The Hot Zone
China's newly announced air defense identification zone over the East China Sea aims to shore up national security
Current Issue
· Table of Contents
· Editor's Desk
· Previous Issues
· Subscribe to Mag
Subscribe Now >>
Expert's View
Market Watch
North American Report
Government Documents
Expat's Eye
Photo Gallery
Reader's Service
Learning with
'Beijing Review'
E-mail us
RSS Feeds
PDF Edition
Reader's Letters
Make Beijing Review your homepage
Hot Links

cheap eyeglasses
Market Avenue

Top Story
Top Story
UPDATED: March 25, 2008 NO.13 MAR.27, 2008
Medal Marriage Made in Heaven
China will use jade in the medals for the Beijing Olympics in order to symbolize the nation's culture

On March 1, artisans at the Shanghai Mint were about to add the finishing touch to 3,030 jade rings. These jade rings will be mounted on the reverse side of the medals to be presented at the 2008 Beijing Olympics Games. A ring will encircle the Beijing Games emblem engraved on metal in the center of each medal. The designers of the medals were inspired by China's ancient jade piece inscribed with dragon patterns. On the obverse side of the medals is the standard design authorized by the International Olympic Committee.

Why jade?

"After weighing many design ideas carefully, we settled for jade because it is very special," said Hang Hai, associate professor specializing in graphic design in China Central Academy of Fine Arts, who is a key member of the Olympics medal design team of the university. The design of Hang's team was adopted by Beijing Organizing Committee for the Games of the XXIX Olympiad (BOCOG). Hang said that jade was chosen because it has been treasured in China for thousands of years, and it symbolizes the Chinese culture.

The International Olympic Committee has two specific requirements for the design of the medals to be used in the Beijing Games: First, it should be unique; second, it should have Chinese characteristics. The design of Hang's team has certainly met both requirements.

Jade has been used in China since the New Stone Age, about 10,000 years ago. Considered to be sacred and mysterious, jade was often used in religious services and important ceremonies. It has been widely loved in China for its elegant color and beautiful texture, the pleasant sound it sends out when knocked on wood and the refreshing feeling it gives when touched. Moreover, it also stands for virtue and nobility in the Chinese culture. Jiang Xiaoyu, Vice President of BOCOG remarked that jade blended Chinese culture into the Olympic spirit and would make the medals of the Beijing Olympic Games very special. Jiang believed that jade would be the right thing to honor the ethics and achievements of Olympics winners.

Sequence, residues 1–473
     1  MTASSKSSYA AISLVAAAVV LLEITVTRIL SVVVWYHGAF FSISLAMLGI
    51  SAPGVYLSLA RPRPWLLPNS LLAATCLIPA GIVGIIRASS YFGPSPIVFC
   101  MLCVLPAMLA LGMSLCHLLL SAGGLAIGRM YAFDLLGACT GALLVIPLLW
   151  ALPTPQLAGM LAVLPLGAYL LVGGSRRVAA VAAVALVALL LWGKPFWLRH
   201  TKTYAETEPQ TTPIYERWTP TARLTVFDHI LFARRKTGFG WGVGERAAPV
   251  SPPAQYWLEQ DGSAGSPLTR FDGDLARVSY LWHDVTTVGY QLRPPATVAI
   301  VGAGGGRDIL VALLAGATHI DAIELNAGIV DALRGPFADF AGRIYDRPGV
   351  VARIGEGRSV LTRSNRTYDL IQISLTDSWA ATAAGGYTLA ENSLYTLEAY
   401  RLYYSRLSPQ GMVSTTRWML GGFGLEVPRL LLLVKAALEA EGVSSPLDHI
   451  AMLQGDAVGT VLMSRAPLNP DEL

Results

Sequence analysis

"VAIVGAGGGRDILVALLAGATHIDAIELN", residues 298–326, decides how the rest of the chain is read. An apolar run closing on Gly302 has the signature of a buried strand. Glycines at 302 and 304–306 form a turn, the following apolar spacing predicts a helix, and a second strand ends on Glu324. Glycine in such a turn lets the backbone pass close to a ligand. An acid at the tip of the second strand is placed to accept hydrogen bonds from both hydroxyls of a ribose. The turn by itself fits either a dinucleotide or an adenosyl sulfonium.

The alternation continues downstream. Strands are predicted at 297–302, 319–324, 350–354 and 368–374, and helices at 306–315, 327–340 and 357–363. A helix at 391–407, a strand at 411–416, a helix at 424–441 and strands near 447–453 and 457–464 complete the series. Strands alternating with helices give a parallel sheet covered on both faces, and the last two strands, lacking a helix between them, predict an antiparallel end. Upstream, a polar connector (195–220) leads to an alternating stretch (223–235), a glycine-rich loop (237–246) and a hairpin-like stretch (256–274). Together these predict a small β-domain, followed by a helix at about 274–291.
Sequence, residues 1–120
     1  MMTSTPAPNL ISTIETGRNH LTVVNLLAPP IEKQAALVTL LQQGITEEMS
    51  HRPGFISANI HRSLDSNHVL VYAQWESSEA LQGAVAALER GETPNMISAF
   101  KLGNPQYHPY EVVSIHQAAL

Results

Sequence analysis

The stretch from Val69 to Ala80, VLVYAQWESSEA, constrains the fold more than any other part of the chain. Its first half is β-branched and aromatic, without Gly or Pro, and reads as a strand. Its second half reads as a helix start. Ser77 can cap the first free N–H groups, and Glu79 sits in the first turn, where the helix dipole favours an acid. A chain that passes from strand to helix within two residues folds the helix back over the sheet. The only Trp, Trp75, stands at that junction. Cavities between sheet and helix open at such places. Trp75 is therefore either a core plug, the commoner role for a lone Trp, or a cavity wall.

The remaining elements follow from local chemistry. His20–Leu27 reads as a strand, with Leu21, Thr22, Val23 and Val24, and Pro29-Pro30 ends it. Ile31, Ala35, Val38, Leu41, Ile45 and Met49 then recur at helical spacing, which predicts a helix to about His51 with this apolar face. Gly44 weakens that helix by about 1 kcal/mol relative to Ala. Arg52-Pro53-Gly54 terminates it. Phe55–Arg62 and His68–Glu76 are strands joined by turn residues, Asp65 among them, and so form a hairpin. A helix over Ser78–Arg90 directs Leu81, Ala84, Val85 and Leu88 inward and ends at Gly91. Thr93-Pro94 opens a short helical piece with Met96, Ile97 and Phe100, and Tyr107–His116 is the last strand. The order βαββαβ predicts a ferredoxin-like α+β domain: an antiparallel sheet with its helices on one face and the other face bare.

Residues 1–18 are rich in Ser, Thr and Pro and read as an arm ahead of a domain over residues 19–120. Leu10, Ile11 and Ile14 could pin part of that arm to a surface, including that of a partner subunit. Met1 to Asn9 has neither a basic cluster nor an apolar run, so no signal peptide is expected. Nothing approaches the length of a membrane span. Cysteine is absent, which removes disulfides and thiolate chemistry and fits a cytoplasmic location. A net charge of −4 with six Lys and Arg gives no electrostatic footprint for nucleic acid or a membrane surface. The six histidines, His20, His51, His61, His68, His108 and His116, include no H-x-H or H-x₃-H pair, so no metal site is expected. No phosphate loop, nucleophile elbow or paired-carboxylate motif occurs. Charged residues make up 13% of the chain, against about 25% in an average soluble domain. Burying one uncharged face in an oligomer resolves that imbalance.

BOCOG's global search for the design of the Beijing Olympic medals started on January 11, 2006. In the three months thereafter, it received 265 designs from home and abroad. Then, experts in art design, engraving and minting were invited to conduct several rounds of reviews of 179 short-listed designs. Relevant organizations were also asked to revise the draft designs. The final design was approved by BOCOG on January 11, 2007 and by the IOC on February 8 of the same year.

The design team in China Central Academy of Fine Arts was picked as the winner. The team had 15 members, most of whom were students. In the beginning, they had not thought of using jade as the raw material. They tried to replicate jade sculpture with metals. "No matter how hard we tried, we could not make metals look like jade," Liu Yang, a team member recalled. The right decision came on Liu's graduation day, July 3, 2006, when the team decided to use jade.

In the beginning, the team placed jade at the center of the medals and planned to engrave the Beijing Games emblem on it. Yet, due to the unique color and texture of jade, the emblem looked fuzzy. Then the team became inspired by ancient jade pieces decorated with dragon patterns, and decided to use a jade ring around a metal heart inscribed with the emblem. The design team also picked the shades of the jade carefully so that they would match the colors of the medals, with white jade for the gold, light green for the silver, and dark green for the bronze.

1   2   Next  

Top Story
-Protecting Ocean Rights
-Partners in Defense
-Fighting HIV+'s Stigma
-HIV: Privacy VS. Protection
-Setting the Tone
Related Stories
-Beijing Olympic Flame Lit in Ancient Olympia
-World Athletes Hail Torch Relay as Flame Lit up
-Weather Won't Stop Games Ceremony
-Torch Relay will Visit Tibet as Planned
Most Popular
About BEIJINGREVIEW | About beijingreview.com | Rss Feeds | Contact us | Advertising | Subscribe & Service | Make Beijing Review your homepage
Copyright Beijing Review All right reserved